Growing up here has its blessings. The prospect of getting snowed in is a dream, not a nightmare, ever since the Blizzard of ’77 gave me two uninterrupted weeks to craft snow forts that, in memory at least, rivaled “Lord of the Rings.”
A downside was a stunted relationship with seafood. Lake Erie fish were poison. Store-bought fish was expensive enough that a foul fillet from a careless seafood counter would send us back to canned tuna and fish sticks. Thus a proper fish fry became the pinnacle of my childhood seafood pyramid.
Professional eating has broadened my horizons considerably, but judging from our menus, many of us are loath to sail past familiar landmarks: salmon, tuna, swordfish. That makes Dobutsu great news for Buffalo seafood lovers. Besides satisfying meat options, it reintroduces familiar fishy friends in beguiling new ways.
The second restaurant from Toutant chef-owner James Roberts is set in a corner of a former industrial building on Seneca Street, redeveloped into lofts and office space. Its huge parking lot, a stone’s throw from the highway, offers a choice: scramble up a steep slope and risk face-plant? Or walk the long way round?
Inside, you may cringe at another repurposed industrial space, until you notice the peace and quiet. Extensive sound engineering since its May opening has produced one of the most conversation-friendly rooms in town.
Roberts remained in the dining room after spotting me, letting his kitchen brigade, led by sous chef Dustin Swaciak, cook our dinner.
The menu is Pacific Rim influenced, with Hawaiian and Japanese dishes, plus originals. Tables can also go omakase, choosing a price per head and putting themselves in the chef’s hands. Roberts sources seafood from around the world, including esoteric stuff, but the night I visited standards dominated.
When were you last impressed by a piece of salmon? For me, it was when I tasted deftly grilled Nova Scotia filet ($26) over a crunchy yam cake, pointed up with creamy acid from toasted yogurt, garlicky chimichurri with a heady herbal bouquet, and sparks of preserved lemon.
Another standby seafood delivered from cliché was swordfish ($29). Gently grilled until just opaque, it was joined by turnips, roasted cippolini onions, apples and candied lardons of house-made bacon for an engaging winter warmer.
A minimalist tuna poke ($16) brought cubes of soy-tossed raw fish set like jewels on sticky rice with Maui sweet onions, toasty taro chips and a swath of dried crumbled seaweed seasoning.
Ramen, Japanese noodle soup, is of the light and clear style, not the heavier gravy-ish varieties. There’s roast pork ($16), roast chicken ($16) and a vegan version ($14) that shows vegetables can produce stock of impressive depth. With enoki mushrooms, spicy cabbage, corn and shredded carrot atop springy noodles, it’s one of the best vegan soups in town.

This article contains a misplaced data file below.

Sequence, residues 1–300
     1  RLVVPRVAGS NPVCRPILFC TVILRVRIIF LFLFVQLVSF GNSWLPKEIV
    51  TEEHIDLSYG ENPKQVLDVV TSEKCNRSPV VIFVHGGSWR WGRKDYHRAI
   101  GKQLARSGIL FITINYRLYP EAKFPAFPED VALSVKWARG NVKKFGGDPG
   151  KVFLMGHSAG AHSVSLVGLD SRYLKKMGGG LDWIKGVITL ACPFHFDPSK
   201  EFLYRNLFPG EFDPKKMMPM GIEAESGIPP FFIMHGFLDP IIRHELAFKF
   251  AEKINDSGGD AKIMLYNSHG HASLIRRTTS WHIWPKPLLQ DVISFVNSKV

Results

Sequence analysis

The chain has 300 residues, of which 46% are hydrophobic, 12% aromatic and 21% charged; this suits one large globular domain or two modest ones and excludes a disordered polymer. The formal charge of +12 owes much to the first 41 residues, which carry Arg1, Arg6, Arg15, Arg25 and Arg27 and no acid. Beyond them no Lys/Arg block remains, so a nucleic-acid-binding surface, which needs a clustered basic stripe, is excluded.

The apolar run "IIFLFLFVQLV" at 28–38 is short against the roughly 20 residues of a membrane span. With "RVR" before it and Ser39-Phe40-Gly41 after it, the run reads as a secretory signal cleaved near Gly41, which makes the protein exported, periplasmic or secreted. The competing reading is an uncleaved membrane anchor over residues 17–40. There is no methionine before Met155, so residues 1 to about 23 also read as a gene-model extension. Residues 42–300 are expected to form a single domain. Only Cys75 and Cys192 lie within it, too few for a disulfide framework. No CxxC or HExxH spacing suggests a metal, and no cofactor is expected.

Even more remarkable was the lobster ramen ($20). The lobster flavor was crystal clear, faintly chartreuse from tomalley, revved up with a lick of Hatch chile heat. A precisely grilled split lobster tail drove the point home with its firm-but-tender richness. Korean radish batons contributed crunch, and bonito butter finished a peak soup experience.
Yet it would be wrong to call Dobutsu a seafood restaurant, because you can eat land-based cuisine there for days. A huge pork chop pounded out and fried crispy, tonkatsu style ($29), is big enough to share. It’s served with shaved cabbage and house-made sweet-savory spiced dipping sauce.
Wagyu-cross beef short rib ($31) arrived rosy-centered on seared oyster mushrooms, underneath a melting dab of white soy butter, for an umami riot.
A few dishes could have used fine-tuning, like a dish of chicken wings ($6) going soft in a sweet-and-sour Szechuan sauce. Brussels sprouts ($7) with ham and XO sauce also lacked the crispness of its description.
Our young server had the unenviable task of serving a known critic with her boss watching. She didn’t commit any service felonies, but confused orders, then asked if we wanted more drinks before leaving the empty glasses behind. She did clean the table when I asked.
Dessert was the cherry on the sundae, thanks to a slate of $6 treats from pastry specialist Emily Banko that make Dobutsu a destination sweets spot.
Rice pudding, almost fluffy instead of sludgy, was bruleed to a glassy burnt sugar crust, next to charred apples for compelling contrasts: light and dark, sugar and smoke, caramel and fruit. Carrot cake was plated like modern art, with triangles of cake interspersed with toffee shards and cream cheese frosting over brilliant carrot caramel. A feathery pavlova was the bassline under a citrus quartet, with fresh grapefruit and orange supremes on lemon curd, under a lime zest shower.
Its fresh approaches to familiar fish, focused Pacific Rim takes and meaty pleasures puts Seneca Street on the Buffalo dining map. At Dobutsu, you can approach satisfaction by choosing your own path, Paul Revere style: one if by land, two if by sea.
Dobutsu – 9 plates (out of 10)
500 Seneca St. (322-6004, dobutsubuffalo.com)
Hours: 4:30 p.m. to midnight Tuesday through Saturday. Closed Sunday, Monday.
Prices: appetizers, $4-$14; entrees, $14-$31.
Wheelchair accessible: yes
Gluten-free: choices abound.